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adapting..... cultural change, different society, alcohol disapproval

(14 Posts)
burek Mon 19-Feb-07 09:42:39

New to mumsnet. Happy to see there is a whole section for Living Abroad - think I'll be dropping in regularly. Have lived abroad lots as a kid/teen/early 20s but it feels very different this time. Maybe because now I am a mum and understand more about how much I miss family and home... I'm in central Bosnia (anyone else in the region?). I've been here 8 months and it's been fine apart from all the usual massive ups and downs. It's just been hitting me lately how I can't really 'be myself' here, in the sense of going out and socialising. It's a small town (everybody knows everybody and sees everything) and having a beer in a bar is not exactly frowned upon severly but it is 'noted'. I'm not a big party animal in the UK so I'm not missing big nights out on the town but I feel far more controlled here. As if I constantly need to be aware of my image in society. Anyone else going through this kind of thing?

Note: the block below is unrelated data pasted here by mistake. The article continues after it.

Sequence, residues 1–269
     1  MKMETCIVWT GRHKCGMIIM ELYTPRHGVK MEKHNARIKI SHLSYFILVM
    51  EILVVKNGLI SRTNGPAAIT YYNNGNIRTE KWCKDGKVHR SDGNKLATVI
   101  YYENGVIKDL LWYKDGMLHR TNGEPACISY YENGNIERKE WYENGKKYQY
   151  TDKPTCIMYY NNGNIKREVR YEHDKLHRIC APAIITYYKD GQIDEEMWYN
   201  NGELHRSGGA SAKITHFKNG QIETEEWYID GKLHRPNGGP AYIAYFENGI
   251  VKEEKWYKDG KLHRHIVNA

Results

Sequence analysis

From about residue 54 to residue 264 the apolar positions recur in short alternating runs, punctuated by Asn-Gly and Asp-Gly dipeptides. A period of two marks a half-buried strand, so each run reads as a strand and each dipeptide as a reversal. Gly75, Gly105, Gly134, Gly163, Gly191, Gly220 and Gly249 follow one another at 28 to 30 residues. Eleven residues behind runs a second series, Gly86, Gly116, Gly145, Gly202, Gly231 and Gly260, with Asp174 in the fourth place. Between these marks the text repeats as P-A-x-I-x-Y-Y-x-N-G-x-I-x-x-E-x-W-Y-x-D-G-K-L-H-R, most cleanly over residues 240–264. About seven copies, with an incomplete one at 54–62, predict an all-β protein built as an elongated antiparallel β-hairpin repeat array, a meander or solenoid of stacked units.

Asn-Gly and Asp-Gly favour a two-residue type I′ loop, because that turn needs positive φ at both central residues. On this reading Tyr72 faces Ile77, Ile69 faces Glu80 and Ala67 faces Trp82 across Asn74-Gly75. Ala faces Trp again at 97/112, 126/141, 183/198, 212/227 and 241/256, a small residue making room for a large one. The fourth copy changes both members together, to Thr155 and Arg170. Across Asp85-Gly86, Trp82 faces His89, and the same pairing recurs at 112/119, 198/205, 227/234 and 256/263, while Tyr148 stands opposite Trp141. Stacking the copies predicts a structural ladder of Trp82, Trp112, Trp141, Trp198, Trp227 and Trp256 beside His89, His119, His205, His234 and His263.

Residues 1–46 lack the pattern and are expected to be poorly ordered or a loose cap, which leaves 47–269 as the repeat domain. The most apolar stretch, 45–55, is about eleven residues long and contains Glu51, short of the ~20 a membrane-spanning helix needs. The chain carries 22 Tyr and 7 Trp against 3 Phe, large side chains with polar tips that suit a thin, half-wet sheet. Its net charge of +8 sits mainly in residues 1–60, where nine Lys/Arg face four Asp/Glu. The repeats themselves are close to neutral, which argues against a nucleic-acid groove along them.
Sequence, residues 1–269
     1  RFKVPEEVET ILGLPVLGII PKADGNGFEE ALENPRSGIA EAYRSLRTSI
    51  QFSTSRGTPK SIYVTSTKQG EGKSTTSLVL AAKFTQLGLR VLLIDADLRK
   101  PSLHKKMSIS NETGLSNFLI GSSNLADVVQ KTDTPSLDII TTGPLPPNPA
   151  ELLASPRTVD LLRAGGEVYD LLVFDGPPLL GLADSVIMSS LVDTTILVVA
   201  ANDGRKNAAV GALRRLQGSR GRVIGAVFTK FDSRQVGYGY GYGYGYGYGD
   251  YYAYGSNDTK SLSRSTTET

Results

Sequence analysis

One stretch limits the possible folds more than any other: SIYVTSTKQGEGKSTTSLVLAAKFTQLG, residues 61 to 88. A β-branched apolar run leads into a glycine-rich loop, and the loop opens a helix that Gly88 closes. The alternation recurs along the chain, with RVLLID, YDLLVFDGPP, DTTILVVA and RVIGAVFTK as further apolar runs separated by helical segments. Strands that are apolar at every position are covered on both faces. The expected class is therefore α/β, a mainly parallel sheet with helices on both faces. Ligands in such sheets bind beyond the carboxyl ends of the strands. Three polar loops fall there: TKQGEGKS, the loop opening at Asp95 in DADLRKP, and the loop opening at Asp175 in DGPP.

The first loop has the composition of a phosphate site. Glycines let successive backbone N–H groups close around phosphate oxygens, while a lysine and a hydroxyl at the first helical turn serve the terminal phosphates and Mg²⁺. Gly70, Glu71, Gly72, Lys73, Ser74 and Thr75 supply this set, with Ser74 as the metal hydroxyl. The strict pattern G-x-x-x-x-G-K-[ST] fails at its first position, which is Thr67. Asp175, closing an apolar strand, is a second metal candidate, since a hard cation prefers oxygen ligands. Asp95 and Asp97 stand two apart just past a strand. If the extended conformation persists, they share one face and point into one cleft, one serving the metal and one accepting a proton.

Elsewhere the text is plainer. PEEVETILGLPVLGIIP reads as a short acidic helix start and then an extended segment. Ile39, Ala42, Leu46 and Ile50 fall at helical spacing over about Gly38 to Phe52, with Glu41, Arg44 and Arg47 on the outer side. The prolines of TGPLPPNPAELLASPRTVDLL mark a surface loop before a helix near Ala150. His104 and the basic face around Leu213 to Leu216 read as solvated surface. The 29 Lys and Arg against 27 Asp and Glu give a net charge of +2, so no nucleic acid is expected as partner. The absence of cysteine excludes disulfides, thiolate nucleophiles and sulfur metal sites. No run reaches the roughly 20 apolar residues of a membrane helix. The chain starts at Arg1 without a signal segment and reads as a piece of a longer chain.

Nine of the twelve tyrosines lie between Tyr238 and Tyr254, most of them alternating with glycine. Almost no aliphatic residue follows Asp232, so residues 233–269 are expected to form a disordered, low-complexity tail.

admylin Wed 21-Feb-07 08:40:56

Hi, welcome to mumsnet! I know what you mean about it being different when you have kids. I used to travel alot and loved every country, all the new cultures and was open to new and foreign stuff but since I had my 2 dc and am still abroad it all feels different. I get home sick although I never did before and I find things strange rather than interesting - so have to spend alot of my energy trying to integrate and fit in without openly critisiziing things.
How often do you travel back to your family?

burek Wed 21-Feb-07 15:40:03